How to win more freelance work: 7 Insider Tips from Reedsy
Since we started Reedsy a few years ago, we have seen hundreds of our freelance professionals get thousands of projects through our marketplace. Some used good tactics, some not so much, so we decided to share insider tips on how the most successful freelancers do it.
What are our 7 top insider tips for getting more freelance work and making your prices work?
- Your prices don't have to be the cheapest, just show the value you will bring to the table
- Get rid of the idea that publishing houses pay more than indie authors, that’s simply not true
- Engage with every single author and book
- Ensure your quotes are clear (state what the client is, and isn't, getting)
- Use templates to cover all of the basics every time
- Keep your online profile specialized and showcase your expertise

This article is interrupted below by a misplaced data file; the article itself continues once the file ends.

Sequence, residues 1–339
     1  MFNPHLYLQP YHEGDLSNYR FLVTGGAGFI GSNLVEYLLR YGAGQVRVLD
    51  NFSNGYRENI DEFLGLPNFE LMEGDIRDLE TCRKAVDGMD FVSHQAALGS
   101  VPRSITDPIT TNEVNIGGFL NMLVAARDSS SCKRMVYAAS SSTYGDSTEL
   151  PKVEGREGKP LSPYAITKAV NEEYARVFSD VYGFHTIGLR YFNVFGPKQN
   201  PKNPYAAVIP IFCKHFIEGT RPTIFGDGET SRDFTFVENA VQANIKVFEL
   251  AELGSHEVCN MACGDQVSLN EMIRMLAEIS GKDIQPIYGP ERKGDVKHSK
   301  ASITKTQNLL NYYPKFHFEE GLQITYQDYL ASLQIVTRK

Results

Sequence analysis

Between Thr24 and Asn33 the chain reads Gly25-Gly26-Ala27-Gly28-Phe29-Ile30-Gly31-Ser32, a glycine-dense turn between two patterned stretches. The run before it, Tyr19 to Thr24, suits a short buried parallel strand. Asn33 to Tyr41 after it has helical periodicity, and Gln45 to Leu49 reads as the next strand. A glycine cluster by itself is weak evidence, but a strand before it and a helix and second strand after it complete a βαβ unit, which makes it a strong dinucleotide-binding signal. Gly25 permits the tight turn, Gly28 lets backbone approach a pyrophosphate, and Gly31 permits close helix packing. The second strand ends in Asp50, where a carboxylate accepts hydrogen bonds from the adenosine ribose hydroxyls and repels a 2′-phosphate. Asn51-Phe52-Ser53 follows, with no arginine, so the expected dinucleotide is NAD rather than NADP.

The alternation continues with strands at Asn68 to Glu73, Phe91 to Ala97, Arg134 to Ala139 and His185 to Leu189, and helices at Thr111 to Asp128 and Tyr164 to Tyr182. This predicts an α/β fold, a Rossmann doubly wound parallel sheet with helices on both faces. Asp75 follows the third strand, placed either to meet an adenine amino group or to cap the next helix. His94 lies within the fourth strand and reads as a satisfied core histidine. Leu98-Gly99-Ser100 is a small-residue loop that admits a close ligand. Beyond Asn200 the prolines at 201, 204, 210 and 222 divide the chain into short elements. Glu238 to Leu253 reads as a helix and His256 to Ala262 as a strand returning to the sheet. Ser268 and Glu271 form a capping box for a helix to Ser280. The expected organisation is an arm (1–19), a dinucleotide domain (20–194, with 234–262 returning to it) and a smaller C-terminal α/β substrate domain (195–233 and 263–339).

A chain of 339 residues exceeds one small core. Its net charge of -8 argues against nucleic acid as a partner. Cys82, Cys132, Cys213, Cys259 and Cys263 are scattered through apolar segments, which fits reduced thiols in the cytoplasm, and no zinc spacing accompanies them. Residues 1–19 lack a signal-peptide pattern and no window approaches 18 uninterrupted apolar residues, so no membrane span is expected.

- Think twice before declining a project, sure you don't want to be involved?
1. Cheap doesn’t always win — show what you can bring to the table
You might think that in a situation where authors are sampling a number of quotes the cheapest one always wins and you are much better off working with publishing houses instead of indie authors. Although it is true that some authors are hunting for the lowest price, statistically, only 50% of Reedsy clients accept the cheapest offer; others take the quality of work, communication and general engagement of the freelancer into consideration, resulting in mid-range and highest offers being accepted. If you are prepared to show the value you can bring to the project, it is much more likely that you will make your prices work, even if they are not the cheapest. You can also check out our post on how much editors and designers make to see how your prices compare to the rest of the market.
Real Reedsy requests examples
Examples from our marketplace above show projects, where offers almost twice as high as the lowest offer, are being accepted. This is not to say that you should just charge crazy prices, but making your high-end pricing work should not be a concern on Reedsy.